He also helps develop long-term solutions to problems that impact the kids. In one example, he counseled a Peace Corner regular who’d been suspended for fighting classmates who made fun of his clothes. He discovered that the child’s family didn’t have a washing machine at home and couldn’t afford to wash. His first instinct was to wash the clothes, until he realized that solution would have him washing clothes on a regular basis. So Longstreet “bought a lot of detergent, went to the boy’s house and taught him how to wash his own clothes.” The teasing stopped.

On the main wall of the Peace Corner, behind the Ping Pong and pool tables, are posted guidelines about conflict resolution. Missing from the list is one Longstreet regularly employs: hugs.

“I get them to tell me what the problem is and how we can solve it,” he explained, “to think about why they want to fight.” After each dispute he mediates, he asks the would-be combatants to hug. Most times, he adds, the process of thinking about the “why” is enough to defuse angry feelings.

An old soul, avid reader and eloquent observer of history who considers Harriet Tubman a hero, Gambrell believes if today’s youth knew their past, they would recognize the “powerful things we’ve accomplished without violence; the changes we’ve made without violence.” When you know, she contends, “you never need to pick up a gun, especially not against someone who looks like you.”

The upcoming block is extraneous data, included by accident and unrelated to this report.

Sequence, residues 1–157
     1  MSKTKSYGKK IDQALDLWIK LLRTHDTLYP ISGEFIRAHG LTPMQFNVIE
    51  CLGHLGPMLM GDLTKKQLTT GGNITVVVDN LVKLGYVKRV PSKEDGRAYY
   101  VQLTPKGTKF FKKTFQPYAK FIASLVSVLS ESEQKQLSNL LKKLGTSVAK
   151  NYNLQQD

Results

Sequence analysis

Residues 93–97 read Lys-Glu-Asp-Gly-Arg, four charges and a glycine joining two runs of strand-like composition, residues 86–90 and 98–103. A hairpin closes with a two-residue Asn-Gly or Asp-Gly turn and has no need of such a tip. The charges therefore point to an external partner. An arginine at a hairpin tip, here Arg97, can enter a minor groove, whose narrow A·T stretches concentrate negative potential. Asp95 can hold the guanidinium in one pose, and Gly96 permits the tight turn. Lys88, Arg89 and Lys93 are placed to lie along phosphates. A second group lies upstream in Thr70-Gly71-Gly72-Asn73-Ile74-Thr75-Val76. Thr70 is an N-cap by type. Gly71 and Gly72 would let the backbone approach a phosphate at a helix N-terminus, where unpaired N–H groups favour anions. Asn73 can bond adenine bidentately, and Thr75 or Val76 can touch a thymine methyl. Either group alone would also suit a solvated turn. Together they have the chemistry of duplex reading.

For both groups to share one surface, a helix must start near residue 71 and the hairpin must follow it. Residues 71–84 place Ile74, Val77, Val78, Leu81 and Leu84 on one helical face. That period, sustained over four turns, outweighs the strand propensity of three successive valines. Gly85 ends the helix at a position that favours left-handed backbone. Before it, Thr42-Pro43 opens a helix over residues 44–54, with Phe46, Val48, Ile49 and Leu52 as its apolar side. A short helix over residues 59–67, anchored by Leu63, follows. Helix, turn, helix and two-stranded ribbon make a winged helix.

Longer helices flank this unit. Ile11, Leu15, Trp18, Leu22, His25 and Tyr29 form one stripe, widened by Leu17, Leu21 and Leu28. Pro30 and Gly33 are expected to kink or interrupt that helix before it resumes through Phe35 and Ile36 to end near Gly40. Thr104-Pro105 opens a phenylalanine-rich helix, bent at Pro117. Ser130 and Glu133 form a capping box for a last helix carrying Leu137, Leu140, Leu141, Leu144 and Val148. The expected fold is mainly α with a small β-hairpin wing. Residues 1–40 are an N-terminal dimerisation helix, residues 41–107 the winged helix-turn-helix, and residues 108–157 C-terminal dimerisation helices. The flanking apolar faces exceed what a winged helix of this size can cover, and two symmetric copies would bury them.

She likens the system in America to hunters in trees watching their prey kill each other so they don’t have to work. “My peers in this movement to end the violence just want to yell out ‘look up in the trees!'” she said.

Through his work at the Peace Corner, augmented by a stellar performance in the UIC Non-Profit Mentoring Program, Longstreet earned a partial scholarship to Dominican University. A sophomore this year, he maintains a 3.9 GPA with a full-time class load. After graduation, he plans to open a non-profit organization to teach people from backgrounds similar to his how to build and repair computers.

Education, Longstreet believes, is key to solving many of the community’s problems. “If you knew better,” he says, “you would do better.” Uneducated adults model behavior that the kids mimic, he noted.

“You have to improve the education, one generation at a time. A lot of kids don’t realize that there are other options. They think the options they have are which corner they’re going to be on.”